Bergstrom B, Moehlmann B, and Boyer P (2006) Extending the testimony problem: Evaluating the truth, scope and source of cultural information. Child Development, 77(3): 531-538. Click here for draft pdf.

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Children's learning-  in the domains of science and religion specifically, but in many other cultural domains as well - relies extensively on testimony and other forms of culturally transmitted information. The cognitive processes that enable such learning must also administrate the evaluation, qualification, and storage of that information, while guarding against the dangers of false or misleading information. Currently, the development of these appraisal processes is not clearly understood. Recent work, reviewed here, has begun to address three important dimensions of the problem: how children and adults evaluate truth in communication, how they gauge the inferential potential of information, and how they encode and evaluate its source.

Boyer, P & Barrett, HC (2006) Causal Inferences: Evolutionary Domains and Neural Systems
Invited contribution to an  Web-conference on Causation (Anne Reboul & Gloria Origgi, Editors).

We consider two apparently distinct questions: [1] What are the neural correlates of causal inference? And [2] How do we distinguish between different domains of causal inferences? To understand the varieties of causal thinking in human minds, we need to bring together behavioral and developmental data on the one hand and information from both neuro-psychology and neuro-imaging on the other. Once this evidence is replaced in an evolutionary framework, it becomes easier to understand the functional divisions between neural systems. We discuss these questions in the context, first, of high-level conceptual differences between living-things and artifacts, and then of low-level causal perception.

Boyer, P & Barrett, HC (2005). Evolved Intuitive Ontology:
Integrating Neural, Behavioral and Developmental Aspects of Domain-Specificity
in David Buss (Ed.), Handbook of Evolutionary Psychology,  New York: Wiley.
Link to html version (for browsing)
Link to pdf file      (for printing)

Recent research has begun to suggest that human expertise about the natural and social environment, including what is often called 'semantic knowledge', is best construed as consisting of different domains of competence. Each of these corresponds to recurrent evolutionary problems, is organised along specific principles, is the outcome of a specific developmental pathway and is based on specific neural structures. What we call a 'human evolved intuitive ontology' comprises a catalogue of broad domains of information, different sets of principles applied to these different domains as well as different learning rules to acquire more information about those objects. Neuro-imaging and cognitive neuroscience are now adding to the picture of a federation of evolved competencies that has grown out of laboratory work with children and adults.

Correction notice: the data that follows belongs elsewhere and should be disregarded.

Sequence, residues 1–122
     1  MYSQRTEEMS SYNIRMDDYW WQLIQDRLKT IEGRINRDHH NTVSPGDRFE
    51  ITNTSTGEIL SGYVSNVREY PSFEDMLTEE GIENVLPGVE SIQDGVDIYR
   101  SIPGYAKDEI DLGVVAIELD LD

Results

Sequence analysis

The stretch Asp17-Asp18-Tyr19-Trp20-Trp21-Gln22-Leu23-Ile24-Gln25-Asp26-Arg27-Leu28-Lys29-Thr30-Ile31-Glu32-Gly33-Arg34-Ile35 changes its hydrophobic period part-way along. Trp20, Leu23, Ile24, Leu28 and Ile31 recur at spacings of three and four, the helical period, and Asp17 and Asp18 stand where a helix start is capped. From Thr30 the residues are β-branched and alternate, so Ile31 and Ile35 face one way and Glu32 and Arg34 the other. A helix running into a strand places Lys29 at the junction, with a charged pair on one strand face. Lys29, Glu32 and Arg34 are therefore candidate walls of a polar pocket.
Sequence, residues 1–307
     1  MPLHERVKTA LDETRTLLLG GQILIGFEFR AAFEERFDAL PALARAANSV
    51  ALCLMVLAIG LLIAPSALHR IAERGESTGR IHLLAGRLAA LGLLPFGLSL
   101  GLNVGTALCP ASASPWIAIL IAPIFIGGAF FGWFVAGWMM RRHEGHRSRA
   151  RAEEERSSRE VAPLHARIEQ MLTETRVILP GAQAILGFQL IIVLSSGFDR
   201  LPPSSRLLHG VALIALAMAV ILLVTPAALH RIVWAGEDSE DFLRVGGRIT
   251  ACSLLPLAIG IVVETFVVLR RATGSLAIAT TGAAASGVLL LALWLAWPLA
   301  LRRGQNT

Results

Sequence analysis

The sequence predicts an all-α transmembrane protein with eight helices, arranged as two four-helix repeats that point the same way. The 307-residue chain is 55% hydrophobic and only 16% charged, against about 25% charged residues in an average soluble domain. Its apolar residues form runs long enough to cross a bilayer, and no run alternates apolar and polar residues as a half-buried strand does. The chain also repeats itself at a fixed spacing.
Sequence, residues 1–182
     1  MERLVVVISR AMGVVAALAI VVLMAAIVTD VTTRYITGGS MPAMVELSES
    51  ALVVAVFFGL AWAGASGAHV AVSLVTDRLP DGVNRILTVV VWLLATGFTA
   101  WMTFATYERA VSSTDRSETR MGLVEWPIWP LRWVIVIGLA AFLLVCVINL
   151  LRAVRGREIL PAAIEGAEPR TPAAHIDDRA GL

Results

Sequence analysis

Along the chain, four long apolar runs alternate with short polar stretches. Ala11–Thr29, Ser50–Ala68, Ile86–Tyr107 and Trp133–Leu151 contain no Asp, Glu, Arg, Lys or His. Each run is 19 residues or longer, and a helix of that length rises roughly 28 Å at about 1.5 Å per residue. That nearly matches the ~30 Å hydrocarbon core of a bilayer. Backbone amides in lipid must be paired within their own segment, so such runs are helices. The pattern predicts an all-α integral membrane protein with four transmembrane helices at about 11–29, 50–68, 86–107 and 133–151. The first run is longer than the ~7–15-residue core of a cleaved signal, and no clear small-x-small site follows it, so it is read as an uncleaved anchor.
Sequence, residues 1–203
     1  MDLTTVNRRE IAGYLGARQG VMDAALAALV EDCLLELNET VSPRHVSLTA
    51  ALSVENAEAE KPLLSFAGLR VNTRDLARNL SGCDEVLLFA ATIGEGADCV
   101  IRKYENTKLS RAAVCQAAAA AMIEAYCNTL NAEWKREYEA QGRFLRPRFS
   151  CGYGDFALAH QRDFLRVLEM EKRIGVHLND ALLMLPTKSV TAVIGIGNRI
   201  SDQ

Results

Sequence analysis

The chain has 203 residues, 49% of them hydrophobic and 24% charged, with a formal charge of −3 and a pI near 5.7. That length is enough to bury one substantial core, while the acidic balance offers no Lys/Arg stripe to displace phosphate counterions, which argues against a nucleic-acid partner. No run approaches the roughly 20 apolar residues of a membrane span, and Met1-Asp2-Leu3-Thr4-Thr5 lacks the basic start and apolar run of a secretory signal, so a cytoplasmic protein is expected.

Boyer, P (2004) Why Is Religion Natural? Skeptical  Inquirer Magazine, March 2004.
Link to Skeptical Inquirer archive.

Is religious belief a mere leap into irrationality as many skeptics assume? Psychology suggests that there may be more to belief than the suspension of reason. Religious beliefs and practices are found in all human groups and go back to the very beginnings of human culture. What makes religion so 'natural'? Here I want to discuss one particular view of religion, popular among skeptics, that I call the 'sleep of reason' interpretation. According to this view, people have religious beliefs because they fail to reason properly. If only they grounded their reasoning in sound logic or rational order, they would not have supernatural beliefs, including superstitions and religion. I think this view is misguided, for several reasons; because it assumes a dramatic difference between religious and commonsense ordinary thinking, where there isn't one; because it suggests that belief is a matter of deliberate weighing of evidence, which is generally not the case; because it implies that religious concepts could be eliminated by mere argument, which is implausible; and most importantly because it obscures the real reasons why religion is so extraordinarily widespread in human cultures.